Chinese vendor Huawei announced its investments in research and development activities focused on its own technology will reach $20 billion this year, up compared to $15 billion in 2019, South China Morning Post reported Huawei’s CEO Ren Zhengfei as saying.
“The U.S. will continue to increase sanctions on us, and we will have to complete [the new technologies]before that happens,” Ren said.
In May 2019, the U.S. Department of Commerce added Huawei to its Entity List, a decision that effectively banned the company from buying parts and components from U.S. companies without U.S. government approval. Under the order, Huawei will need a U.S. government license to buy components from U.S. suppliers.
“It’s not a problem for us to survive as a company, but it’s questionable whether we can keep our leading position,” Ren said. “We won’t be able to lead the world in the next three to five years if we cannot develop our own technology.”
“Over 20,000 scientists, experts and engineers worked overtime during the [Chinese] Lunar New Year holiday, because we’re racing to develop new [technologies],” Ren said.
Ren also highlighted that U.S firms would also need Huawei as a client to survive.
The executive also said that the COVID-19 pandemic, which started in the Chinese city of Wuhan in December 2019 and that has now spread to many countries around the world, would not have a big impact for Huawei.
“Neither the U.S. sanctions nor the pandemic had a major impact on us,” Ren said. “We believe the impact is minimal, and we can pull through it.”
Huawei has already resumed more than 90% of its production and development operations, Ren said, adding that the company has also kept its supply chain mostly intact by helping provide its partners with protective gear to keep production going, according to the report.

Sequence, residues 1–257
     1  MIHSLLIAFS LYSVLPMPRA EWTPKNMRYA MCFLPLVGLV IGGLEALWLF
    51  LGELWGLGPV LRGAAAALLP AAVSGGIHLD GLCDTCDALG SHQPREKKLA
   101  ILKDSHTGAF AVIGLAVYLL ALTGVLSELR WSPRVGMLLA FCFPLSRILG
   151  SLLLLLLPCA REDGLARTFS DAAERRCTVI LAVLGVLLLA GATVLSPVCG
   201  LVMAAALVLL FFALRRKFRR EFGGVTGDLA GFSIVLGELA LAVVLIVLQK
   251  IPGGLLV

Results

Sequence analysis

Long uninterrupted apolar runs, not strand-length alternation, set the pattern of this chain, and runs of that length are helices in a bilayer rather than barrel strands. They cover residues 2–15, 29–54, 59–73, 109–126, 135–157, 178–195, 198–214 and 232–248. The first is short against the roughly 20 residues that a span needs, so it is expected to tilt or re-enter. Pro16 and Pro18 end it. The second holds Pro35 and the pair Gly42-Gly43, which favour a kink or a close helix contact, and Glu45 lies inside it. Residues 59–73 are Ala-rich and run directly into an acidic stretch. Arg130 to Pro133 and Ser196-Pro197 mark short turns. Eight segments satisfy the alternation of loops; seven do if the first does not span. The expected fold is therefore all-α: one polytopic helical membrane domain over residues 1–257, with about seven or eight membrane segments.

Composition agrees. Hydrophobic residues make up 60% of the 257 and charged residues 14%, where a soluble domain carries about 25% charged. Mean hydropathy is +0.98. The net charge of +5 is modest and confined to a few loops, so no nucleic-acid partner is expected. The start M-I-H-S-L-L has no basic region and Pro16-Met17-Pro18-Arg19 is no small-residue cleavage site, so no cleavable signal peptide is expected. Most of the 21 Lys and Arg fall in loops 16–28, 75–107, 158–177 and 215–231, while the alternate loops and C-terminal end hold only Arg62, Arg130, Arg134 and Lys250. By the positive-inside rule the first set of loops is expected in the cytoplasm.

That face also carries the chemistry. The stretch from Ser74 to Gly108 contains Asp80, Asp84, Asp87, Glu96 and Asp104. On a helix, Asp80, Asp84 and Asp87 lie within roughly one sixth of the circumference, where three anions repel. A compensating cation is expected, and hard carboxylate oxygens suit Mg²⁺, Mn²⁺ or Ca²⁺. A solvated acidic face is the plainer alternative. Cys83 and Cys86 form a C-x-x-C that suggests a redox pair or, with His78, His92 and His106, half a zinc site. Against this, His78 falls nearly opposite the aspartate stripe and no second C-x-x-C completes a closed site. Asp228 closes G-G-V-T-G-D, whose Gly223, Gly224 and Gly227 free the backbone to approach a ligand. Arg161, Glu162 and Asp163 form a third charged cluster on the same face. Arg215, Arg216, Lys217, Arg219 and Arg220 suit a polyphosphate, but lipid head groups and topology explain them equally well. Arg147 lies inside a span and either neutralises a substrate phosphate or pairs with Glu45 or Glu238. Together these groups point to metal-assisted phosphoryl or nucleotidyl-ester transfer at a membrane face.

Huawei is still allowed to do some business with U.S. firms, as the Bureau of Industry and Security (BIS) of the U.S. Department of Commerce (DoC) recently announced that it had extended the Temporary General License (TGL) for Huawei and its non-U.S. affiliates which are subject to the Entity List, until May 15.
The TGL authorizes U.S. companies to make specific, limited engagements in transactions involving the export, reexport, and transfer of items to the Chinese vendor. The initial TGL was granted in May 19, 2019 and had been extended several times since then.
However, this general license does not cover transactions between U.S. semiconductor manufacturers such as Qualcomm, Intel and Micron and Huawei. These companies are required to apply for special permits in order to continue supplying chips to the Chinese vendor.
President Donald Trump earlier this month signed legislation to bar U.S. telecoms operators from using government subsidies to purchase network equipment or services from Huawei.